"Who you vote for is secret, but whether you vote or not is public information," notes Nathanial Stinnett, a veteran campaign strategist and founder and executive director of the Environmental Voter Project (EVP). "There actually is a silent majority of environmentalists out there." According to a recent EVP study, nearly 16 million environmentalists skipped voting during the 2014 mid-terms. Quite literally, the 2018 elections are ours to lose.
Once you get past the shock and indignation, the non-voters represent a giant opportunity, according to Stinnett. For the last three years EVP has methodically tested various ways to get registered non-voters to the polls. The early results are promising in terms of swinging tight elections, but Swinnett is playing a long game. The act of voting itself—it doesn't matter for whom—tells campaigns that you are worth their effort, he explains. There is simply no point to spend money on habitual non-voters.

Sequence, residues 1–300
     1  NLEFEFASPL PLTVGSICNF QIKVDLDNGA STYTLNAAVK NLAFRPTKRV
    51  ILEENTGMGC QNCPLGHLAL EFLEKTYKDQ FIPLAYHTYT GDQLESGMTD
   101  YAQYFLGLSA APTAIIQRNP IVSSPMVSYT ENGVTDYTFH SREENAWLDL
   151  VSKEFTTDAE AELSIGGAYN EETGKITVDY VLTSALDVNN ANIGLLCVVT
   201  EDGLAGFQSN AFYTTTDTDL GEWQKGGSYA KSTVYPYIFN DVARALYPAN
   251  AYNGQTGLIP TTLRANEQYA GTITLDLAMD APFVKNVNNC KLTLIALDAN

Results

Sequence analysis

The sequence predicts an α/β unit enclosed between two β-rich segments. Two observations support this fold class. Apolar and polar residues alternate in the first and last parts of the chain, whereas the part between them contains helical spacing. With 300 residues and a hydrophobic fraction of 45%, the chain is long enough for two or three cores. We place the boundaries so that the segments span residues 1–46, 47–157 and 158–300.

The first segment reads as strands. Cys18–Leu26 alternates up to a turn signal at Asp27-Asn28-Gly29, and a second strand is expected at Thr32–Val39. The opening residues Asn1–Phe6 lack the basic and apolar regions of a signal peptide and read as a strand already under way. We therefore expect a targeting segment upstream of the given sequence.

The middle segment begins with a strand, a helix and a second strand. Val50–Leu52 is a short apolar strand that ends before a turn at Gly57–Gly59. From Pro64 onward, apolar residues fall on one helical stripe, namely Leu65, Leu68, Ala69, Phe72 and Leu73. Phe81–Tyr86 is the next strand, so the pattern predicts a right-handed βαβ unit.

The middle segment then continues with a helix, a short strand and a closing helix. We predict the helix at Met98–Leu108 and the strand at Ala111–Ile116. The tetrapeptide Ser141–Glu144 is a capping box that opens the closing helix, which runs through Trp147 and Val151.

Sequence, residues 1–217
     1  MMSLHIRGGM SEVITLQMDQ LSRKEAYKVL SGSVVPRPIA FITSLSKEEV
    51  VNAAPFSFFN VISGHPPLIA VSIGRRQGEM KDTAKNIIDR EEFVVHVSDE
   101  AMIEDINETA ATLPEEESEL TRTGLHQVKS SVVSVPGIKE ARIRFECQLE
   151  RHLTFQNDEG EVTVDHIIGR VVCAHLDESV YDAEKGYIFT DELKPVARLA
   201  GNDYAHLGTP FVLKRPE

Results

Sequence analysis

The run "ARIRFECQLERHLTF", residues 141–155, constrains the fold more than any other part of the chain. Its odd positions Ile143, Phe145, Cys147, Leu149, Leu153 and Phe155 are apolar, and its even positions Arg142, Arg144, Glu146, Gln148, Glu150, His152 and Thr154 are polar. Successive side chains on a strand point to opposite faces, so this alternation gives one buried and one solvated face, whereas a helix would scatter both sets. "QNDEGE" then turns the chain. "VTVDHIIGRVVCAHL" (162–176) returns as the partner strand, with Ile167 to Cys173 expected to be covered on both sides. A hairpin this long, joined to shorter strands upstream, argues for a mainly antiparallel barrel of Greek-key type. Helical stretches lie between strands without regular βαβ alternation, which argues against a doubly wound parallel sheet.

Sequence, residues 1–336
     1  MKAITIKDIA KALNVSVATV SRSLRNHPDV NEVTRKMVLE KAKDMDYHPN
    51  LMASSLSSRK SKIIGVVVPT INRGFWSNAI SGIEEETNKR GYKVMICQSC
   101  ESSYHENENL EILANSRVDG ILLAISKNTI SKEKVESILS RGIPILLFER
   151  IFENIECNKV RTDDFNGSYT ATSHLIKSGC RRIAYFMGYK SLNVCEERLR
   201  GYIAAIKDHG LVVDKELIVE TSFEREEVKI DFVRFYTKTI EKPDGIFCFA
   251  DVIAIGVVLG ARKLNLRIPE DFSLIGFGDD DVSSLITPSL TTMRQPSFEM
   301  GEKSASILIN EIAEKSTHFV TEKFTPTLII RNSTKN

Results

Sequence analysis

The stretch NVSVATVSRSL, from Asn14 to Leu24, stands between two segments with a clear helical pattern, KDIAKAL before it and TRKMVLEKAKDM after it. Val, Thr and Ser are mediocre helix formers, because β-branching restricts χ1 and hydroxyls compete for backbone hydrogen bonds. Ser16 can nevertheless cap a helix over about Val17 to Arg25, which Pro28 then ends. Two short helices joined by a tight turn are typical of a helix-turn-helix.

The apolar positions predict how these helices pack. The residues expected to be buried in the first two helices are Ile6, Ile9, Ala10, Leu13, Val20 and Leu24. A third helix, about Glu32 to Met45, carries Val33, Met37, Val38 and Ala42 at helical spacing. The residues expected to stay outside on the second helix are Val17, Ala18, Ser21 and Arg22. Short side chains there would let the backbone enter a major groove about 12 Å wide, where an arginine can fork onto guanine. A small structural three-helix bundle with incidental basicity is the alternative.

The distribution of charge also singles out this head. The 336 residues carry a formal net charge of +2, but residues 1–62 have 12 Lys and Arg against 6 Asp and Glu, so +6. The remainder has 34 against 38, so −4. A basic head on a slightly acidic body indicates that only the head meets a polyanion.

Voting starts a virtuous feedback loop. Noting that you voted (public records), campaigns send out information for the next election cycle. These constant reminders to vote actually work, flipping registered-but-occasional voters into reliably regular voters.
"Our political life is besieged by anti-democratic distortions—big money, gerrymandering, nihilistically partisan right-wing media—that threaten to swallow the system whole. But they haven’t yet, quite. On climate change, as with so many other issues that bedevil us, votes are still the most powerful weapon we’ve got," writes Washington Monthly journalist Gilad Edelman.
So let's vote.
• 2017 Impact Report | Environmental Voter Project
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